Why Meaningful Work is What Dreaming Big is all About

The following two tabs change content below.

Catherine Hughes

Director of the 8 Women Dream Project at 8 Women Dream
Catherine’s dream is to make 8 Women Dream the premier online publication for women looking to pursue their dreams. She is a published author, a freelance writer, and a guide for those who want their dreams to come true online. Catherine would someday like to be invited to speak at TED about her observations about her 8WD project inviting women to take a chance on their dreams. Wine was required... Catherine posts on Sunday evenings and fills in dream stories as needed. If you aren't sure how to comment on this story, click here.

Latest posts by Catherine Hughes (see all)

Why Meaningful Work is What Dreaming Big is all About -- Quote by Malcolm Gladwell

In one of my favorite talks by my very favorite, best-selling author, speaker and journalist, Malcolm Gladwell, titled, Meaningful Work through Passion–not Genius Malcolm discusses what meaningful work looks like.

When exploring what you are passionate about everyone often overlooks the obvious.

It’s not uncommon for the people who feel lost and aren’t sure what they want to do with “the rest of their lives” to ignore the clues that show up for them every single day.

Thinking about the rest of your life is a pretty long time-frame. I would argue that you need to take that expectation down a notch and simply explore the things that are most meaningful to you right now.

As noted in Malcolm’s video, when you look at the lives of incredibly successful dreamers–what Malcolm sees over and over again in his research is the idea of meaningful work.  Meaningful work is the key to dream success.

The idea of meaningful work is embedded in successful people’s consciousness.

In Meaningful Work Through Passion–Not Genius, Malcolm’s shares the story of how the Bill Gates we know was formed. Bill Gates understood about doing meaningful work and what that process looks like, which is a great example of exactly how the dreaming process is supposed to work for you.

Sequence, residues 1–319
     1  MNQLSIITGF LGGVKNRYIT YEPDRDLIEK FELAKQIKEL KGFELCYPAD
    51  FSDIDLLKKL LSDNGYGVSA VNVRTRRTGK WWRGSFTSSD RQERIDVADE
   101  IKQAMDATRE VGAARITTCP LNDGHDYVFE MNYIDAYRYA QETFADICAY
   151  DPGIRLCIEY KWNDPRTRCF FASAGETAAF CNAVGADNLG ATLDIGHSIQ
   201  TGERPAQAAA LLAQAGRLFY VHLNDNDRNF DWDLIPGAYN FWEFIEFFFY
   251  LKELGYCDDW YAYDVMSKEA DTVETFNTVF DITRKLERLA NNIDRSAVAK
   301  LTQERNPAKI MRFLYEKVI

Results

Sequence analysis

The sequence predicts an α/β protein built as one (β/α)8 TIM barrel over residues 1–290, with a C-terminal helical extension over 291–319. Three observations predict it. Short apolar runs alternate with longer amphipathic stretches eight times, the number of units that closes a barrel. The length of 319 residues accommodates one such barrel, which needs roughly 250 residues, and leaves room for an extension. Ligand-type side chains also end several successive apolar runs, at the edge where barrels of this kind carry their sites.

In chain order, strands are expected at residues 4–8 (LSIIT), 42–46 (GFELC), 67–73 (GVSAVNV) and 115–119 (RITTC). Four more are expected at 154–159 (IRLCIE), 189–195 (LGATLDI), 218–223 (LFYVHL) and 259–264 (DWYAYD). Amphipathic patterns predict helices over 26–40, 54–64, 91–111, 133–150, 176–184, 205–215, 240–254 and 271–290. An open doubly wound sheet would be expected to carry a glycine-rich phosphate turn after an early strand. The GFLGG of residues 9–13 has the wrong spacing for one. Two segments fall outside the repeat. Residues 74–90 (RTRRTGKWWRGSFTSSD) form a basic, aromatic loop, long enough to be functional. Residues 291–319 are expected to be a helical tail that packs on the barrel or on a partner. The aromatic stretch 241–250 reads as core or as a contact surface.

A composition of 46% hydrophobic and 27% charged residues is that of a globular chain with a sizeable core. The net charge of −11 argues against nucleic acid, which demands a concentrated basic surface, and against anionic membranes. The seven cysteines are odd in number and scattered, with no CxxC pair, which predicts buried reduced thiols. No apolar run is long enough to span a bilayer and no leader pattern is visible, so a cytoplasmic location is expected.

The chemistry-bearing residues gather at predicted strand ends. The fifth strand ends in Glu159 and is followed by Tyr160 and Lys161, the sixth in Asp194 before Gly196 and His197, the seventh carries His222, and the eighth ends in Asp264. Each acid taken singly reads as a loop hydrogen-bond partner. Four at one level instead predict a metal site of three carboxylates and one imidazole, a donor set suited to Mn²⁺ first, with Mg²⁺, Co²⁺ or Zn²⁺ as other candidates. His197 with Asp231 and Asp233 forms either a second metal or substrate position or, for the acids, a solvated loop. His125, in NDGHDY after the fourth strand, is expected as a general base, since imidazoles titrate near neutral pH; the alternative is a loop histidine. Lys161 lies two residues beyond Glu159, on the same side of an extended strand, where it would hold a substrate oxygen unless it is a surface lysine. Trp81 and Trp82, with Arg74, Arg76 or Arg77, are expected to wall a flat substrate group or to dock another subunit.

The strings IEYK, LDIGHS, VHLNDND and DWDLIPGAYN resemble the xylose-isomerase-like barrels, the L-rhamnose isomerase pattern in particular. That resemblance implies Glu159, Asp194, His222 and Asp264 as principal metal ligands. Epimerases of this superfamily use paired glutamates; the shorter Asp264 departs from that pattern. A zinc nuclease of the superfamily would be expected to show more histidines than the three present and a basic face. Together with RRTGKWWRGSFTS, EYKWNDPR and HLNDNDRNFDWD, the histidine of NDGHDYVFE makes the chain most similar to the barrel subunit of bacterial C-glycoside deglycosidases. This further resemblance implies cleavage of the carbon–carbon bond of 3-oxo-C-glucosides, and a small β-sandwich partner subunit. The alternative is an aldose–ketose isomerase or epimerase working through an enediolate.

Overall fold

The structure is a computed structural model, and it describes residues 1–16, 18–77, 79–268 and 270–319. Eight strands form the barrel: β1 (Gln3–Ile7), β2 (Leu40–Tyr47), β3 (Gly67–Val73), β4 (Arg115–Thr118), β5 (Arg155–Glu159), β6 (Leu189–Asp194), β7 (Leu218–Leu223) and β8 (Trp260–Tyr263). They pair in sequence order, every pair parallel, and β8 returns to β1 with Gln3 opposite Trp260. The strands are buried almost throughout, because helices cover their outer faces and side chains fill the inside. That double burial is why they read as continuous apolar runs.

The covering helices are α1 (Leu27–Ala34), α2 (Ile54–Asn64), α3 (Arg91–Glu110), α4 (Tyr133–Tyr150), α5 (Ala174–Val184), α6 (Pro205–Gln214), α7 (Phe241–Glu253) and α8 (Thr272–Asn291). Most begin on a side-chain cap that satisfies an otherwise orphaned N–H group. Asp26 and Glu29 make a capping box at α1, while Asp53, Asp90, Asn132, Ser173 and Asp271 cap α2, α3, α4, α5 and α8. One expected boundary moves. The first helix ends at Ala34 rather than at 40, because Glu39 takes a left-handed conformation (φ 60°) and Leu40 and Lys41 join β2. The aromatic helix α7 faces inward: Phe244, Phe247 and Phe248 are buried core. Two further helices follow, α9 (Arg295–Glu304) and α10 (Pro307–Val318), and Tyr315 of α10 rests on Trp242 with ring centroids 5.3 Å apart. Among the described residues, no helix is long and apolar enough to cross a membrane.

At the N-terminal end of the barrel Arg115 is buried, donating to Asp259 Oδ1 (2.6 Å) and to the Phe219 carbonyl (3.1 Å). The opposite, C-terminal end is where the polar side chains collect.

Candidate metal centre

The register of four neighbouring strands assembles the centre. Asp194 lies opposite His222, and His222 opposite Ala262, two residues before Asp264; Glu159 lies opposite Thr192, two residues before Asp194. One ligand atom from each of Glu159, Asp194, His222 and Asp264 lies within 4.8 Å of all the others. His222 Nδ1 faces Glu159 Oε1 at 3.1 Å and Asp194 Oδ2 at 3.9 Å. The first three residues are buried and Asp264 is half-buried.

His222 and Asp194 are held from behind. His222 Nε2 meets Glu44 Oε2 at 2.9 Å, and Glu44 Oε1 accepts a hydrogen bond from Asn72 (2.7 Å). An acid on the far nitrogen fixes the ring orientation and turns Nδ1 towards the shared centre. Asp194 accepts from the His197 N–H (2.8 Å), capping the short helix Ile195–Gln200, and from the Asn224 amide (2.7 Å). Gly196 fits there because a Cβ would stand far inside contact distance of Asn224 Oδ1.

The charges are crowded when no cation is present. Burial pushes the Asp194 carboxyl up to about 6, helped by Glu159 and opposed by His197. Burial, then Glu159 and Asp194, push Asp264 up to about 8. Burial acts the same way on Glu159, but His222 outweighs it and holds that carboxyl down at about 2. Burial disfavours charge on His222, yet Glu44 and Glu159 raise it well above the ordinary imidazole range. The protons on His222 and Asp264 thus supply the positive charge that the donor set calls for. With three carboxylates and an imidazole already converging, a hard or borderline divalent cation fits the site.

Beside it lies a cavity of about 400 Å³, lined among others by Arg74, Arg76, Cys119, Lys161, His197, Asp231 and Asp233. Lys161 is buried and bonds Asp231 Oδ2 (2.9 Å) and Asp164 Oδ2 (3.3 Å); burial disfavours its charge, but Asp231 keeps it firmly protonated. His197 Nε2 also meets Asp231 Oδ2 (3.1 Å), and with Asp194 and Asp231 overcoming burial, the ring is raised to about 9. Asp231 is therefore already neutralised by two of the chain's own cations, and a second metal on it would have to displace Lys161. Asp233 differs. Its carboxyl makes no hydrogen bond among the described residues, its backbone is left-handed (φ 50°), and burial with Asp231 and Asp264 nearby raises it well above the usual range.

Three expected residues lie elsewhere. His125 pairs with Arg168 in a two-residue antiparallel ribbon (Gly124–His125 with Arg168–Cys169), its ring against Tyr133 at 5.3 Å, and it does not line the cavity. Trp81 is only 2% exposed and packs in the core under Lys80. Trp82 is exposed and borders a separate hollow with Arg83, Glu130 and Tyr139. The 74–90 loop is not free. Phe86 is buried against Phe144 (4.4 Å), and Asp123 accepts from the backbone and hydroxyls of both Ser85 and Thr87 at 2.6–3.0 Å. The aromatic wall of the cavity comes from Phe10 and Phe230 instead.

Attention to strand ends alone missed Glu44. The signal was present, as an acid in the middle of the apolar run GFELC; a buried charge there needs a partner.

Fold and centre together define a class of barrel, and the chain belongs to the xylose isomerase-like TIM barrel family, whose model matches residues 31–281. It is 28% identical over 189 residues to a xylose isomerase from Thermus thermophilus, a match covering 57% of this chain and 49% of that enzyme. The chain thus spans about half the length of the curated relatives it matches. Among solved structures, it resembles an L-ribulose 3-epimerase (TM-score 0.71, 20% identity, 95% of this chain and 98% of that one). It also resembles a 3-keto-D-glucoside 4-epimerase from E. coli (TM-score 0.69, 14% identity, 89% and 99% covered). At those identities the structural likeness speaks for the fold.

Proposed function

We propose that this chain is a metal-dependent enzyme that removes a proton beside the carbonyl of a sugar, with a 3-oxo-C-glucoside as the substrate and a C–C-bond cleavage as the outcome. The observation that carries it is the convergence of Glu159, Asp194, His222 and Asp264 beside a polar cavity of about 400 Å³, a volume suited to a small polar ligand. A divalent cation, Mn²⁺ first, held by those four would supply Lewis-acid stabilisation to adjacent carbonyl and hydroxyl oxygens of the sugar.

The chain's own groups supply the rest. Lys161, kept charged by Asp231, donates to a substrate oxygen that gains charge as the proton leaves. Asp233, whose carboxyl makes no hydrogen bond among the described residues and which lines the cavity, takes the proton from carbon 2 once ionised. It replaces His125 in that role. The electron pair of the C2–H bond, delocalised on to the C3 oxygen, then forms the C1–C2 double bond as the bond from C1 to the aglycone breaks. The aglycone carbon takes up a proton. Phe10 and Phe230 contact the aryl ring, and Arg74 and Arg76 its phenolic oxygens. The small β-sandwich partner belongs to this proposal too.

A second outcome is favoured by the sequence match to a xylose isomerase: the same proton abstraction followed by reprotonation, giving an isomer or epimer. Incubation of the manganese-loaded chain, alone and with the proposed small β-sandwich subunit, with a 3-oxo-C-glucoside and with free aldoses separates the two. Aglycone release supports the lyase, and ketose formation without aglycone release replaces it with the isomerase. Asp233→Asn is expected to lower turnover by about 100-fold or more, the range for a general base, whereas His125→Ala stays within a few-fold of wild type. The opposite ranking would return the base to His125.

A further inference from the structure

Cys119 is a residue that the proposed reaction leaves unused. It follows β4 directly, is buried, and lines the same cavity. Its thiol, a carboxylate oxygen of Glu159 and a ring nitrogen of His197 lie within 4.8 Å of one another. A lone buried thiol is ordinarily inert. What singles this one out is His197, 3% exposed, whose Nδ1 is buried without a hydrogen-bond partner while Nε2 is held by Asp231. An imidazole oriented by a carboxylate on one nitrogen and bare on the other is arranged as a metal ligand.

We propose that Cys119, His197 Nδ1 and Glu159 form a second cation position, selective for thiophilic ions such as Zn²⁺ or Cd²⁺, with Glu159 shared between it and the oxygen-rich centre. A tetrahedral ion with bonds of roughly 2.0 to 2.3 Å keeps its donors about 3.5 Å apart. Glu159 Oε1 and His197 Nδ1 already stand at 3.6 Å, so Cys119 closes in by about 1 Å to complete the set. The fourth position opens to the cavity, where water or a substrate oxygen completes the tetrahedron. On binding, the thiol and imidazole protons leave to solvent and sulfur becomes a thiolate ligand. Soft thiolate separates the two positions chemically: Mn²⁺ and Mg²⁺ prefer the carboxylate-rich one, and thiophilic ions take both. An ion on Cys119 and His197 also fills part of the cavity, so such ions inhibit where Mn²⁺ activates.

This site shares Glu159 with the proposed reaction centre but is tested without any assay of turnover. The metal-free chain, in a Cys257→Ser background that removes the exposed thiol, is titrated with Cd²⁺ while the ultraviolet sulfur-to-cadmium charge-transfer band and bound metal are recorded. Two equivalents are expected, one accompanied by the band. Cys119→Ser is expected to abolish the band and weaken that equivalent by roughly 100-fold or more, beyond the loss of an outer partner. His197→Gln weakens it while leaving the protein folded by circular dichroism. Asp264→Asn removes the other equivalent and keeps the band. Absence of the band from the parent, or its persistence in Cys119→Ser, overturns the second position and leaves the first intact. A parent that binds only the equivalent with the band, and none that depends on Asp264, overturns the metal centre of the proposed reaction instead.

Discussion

Malcolm says:

“I had the opportunity to interview Bill Gates for my book and I was really curious about what happened to him as a kid because I knew that he had this extraordinary experience as a 13-year-old.

In 1969 Bill Gates goes to this school where they have a teletype machine hooked into a mainframe which allowed him to do real time programming at the age of 13 in 1969.

And if you know your computer history, you know that nobody was doing real time programming in 1969, let alone, a 13-year-old. If you had access to a computer at all, you were using those old computer cards which meant you could do one run every–whatever it was–three days?

Bill Gates was doing the real thing from the age of 13 on.

And how did he respond to that opportunity?

He threw his heart and mind into it!

He never left that programming room. He ran up computer bills like you would not believe. Remember that using a computer was really expensive back then.

Then when Bill Gates was in 11th grade, Paul Allen, who’s is his classmate, found out that there was a mainframe in the in the health center at the University of Washington that was free and wasn’t being used between 2 a.m. and 6 a.m. on weekday mornings.

So Bill Gates would go to bed at ten o’clock at night and pretend to his parents that he was getting an early night’s sleep. He’d set his alarm clock for 1:30 a.m. then sneak out of his bedroom window and walk 2 miles to the University of Washington in the pitch black of night to program from 2:00 a.m. until 6:00 a.m.

Years later, when his mother heard this story for the first time, she said that she always wondered why it was so hard to get him out of bed in the morning.

Why did he go to such extraordinary lengths to program in the middle of the night?

Because he has the right attitude. He was able to capitalize on his programming abilities–not because he’s some genius–that’s not what sets him apart.

What sets Bill Gates apart is that he had a belief in doing meaningful work and he was willing to throw his heart and mind into something because he knew he’d get something back. And that attitude is what allowed him to develop his is abilities in the way that he did.”

Bill Gates was compelled to program whether he was being paid for it or not. Being paid money isn’t what meaningful work is about–it’s about being drawn to do something that you can’t resist doing. You can’t help it. You have to learn more about it. You are obsessed.  It becomes a part of who you are.

I started 8 Women Dream because I loved the idea self-publishing and I am obsessed with the ability to use a platform like WordPress to share my thoughts with whoever will listen. I have always loved publishing–it goes back to my high school newspaper involvement.  Being on that newspaper team saved me.